A: When the Course speaks of the real world it is referring to the content of the mind, rather than the physical world seen with the bodys eyes. As you point out, Jesus saw the actions of those who crucified him and saw himself on the cross, but he knew these things did not mean anything because he did not identify with the body. While the ego tells us the crucifixion is the height of victimization, Jesus calls it a "useless journey" (T.6.I.2:60). That is the view from the real world; it does not mean wearing rose colored glasses, changing what the body is doing or feeling, or being surrounded by physical beauty. Knowing who he is as Gods innocent Son, Jesus sees only wholeness and does not see himself as a victim. He is defenseless because he knows he cannot be harmed, and he is therefore free to see things as they really are. Thus, not mistaking illusion for truth is what constitutes the real world. Since what is illusion has no effects, the events of the illusory world are seen as meaningless. For students of the Course this is accomplished through the Atonement process, in which every relationship is transformed through forgiveness. The real world escapes us as long as we cling to our identity with the body, and choose to believe that the world holds something (anything) that we want. "The real world can actually be perceived. All that is necessary is a willingness to perceive nothing else" (T.11.VII.2:6,7).
When a choice is finally made to accept only the true perception of the Holy Spirit, which is a choice not to believe the egos lies about who we are, the seeming pain and terror of the world as the body sees it will disappear from awareness. Thus is the goal of learning accomplished; love replaces fear completely and the real world is attained. It is this awareness of loves presence that is not unlike Heaven, and precedes it in our experience: "Perceiving only the real world will lead you to the real Heaven, because it will make you capable of understanding it" (T.11.VII.3:9).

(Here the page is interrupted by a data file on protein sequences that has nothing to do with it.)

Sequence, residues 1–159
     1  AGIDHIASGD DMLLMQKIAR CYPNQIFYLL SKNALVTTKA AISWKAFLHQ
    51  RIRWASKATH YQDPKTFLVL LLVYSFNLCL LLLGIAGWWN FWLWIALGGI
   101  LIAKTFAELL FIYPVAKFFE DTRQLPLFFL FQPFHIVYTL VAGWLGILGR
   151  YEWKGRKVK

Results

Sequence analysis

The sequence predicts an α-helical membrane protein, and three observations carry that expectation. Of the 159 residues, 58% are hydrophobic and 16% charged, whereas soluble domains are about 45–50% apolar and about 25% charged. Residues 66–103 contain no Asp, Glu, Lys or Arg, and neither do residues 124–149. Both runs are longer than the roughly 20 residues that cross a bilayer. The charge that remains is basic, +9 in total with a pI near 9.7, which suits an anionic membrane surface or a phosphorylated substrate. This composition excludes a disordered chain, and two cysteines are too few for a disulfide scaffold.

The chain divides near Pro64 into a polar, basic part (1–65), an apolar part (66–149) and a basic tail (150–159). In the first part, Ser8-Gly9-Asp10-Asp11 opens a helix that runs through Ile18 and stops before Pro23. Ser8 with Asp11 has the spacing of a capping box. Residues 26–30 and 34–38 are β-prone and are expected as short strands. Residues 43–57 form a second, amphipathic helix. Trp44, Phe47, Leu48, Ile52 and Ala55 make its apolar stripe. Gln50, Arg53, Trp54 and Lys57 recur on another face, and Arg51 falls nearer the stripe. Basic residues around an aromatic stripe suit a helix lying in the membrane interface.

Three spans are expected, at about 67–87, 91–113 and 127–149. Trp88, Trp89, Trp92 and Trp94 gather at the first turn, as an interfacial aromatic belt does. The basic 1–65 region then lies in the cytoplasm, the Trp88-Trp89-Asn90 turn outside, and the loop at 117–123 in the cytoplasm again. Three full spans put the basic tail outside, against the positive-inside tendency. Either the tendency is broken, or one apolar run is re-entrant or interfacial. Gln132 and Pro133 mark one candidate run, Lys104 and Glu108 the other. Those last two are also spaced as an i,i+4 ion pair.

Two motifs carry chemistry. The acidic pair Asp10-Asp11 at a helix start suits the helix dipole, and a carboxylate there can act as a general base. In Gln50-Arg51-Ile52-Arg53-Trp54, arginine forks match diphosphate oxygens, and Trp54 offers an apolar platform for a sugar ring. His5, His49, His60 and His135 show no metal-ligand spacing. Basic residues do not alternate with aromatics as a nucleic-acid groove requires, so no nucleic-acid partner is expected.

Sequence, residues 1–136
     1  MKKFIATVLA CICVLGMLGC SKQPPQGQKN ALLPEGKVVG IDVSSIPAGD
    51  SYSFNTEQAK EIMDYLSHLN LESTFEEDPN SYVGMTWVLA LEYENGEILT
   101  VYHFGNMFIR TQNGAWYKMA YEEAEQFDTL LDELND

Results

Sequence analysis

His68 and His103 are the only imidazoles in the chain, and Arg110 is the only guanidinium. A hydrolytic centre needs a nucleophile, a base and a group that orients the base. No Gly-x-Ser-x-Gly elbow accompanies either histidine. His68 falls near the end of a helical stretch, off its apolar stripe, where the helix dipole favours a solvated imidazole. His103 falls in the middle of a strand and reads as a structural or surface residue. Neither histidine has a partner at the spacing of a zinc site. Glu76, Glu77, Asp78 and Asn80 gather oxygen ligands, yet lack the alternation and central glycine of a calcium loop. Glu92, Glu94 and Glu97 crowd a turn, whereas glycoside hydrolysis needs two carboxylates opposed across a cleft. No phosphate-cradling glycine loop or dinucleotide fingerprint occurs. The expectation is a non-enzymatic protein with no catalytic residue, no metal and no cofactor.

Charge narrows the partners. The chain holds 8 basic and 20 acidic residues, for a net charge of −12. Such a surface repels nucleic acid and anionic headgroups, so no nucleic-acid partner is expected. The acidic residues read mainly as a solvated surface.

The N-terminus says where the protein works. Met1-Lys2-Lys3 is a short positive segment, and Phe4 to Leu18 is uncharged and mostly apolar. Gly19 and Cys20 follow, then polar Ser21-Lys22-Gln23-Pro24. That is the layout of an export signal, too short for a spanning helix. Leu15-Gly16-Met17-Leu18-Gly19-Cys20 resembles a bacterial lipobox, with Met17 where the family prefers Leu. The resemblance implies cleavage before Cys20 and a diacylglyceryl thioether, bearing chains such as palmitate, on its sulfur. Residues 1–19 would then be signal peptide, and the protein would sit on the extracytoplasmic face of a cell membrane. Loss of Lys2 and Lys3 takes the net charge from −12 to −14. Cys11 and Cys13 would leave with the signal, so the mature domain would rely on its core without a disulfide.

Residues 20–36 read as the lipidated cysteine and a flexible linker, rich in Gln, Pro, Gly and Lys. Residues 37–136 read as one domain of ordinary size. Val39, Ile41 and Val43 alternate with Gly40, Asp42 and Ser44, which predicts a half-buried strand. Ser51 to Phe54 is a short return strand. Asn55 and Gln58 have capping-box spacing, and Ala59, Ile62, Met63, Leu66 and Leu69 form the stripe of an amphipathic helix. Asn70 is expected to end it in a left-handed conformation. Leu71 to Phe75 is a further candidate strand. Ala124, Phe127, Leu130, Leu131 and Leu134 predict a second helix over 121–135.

Other related Questions: #17, #28, #34, #80, #97, and #296.
Q #572: I have been studying A Course in Miracles for several years, but I am still perplexed by some things. Recently there was a news program describing the benefits of prayer on healing the body. It was one of the "so called double blind" studies where neither the participants nor the controllers knew which patients were being prayed for. But the study proved that the group being prayed for improved dramatically over the patients not being prayed for. What I don't understand is, what is going on here? If God does not work in this world and the Holy Spirit or Jesus does not heal the body in this world, how can this be happening to such a degree that people believe that they are healed by prayer. I understand the ladder of prayer in the "Song of Prayer" pamphlet, and it appears that this is asking out of need, the lowest level of prayer. Is this just another ego trick or am I missing something here?
A: Without getting into the irrelevant issue of whether or not the specific study reported was "good science," drawing sound conclusions from empirically sound research design and procedures, well assume the validity of the findings for the sake of discussion. From the Courses perspective, the improvement of bodily symptoms is always the result of the minds own decision to bring about physical change in its projected bodily form (M.5.II.2). God, the Holy Spirit and Jesus have nothing to do with physical recovery. And no other mind brings about the change -- it is only ever the result of the willingness of the patients own mind. Whether or not, as part of the research design, information about who is praying for whom is conveyed to the patients is irrelevant, since minds are joined and it is only at this level that any kind of communication takes place. And as to whether these findings are an ego trick or the result of right-minded release of guilt through an experience of joining really depends on the mind of each individual patient -- either avenue to the release of bodily symptoms is possible.
For more on the relationship between prayer and healing, you may wish to refer to Question #385.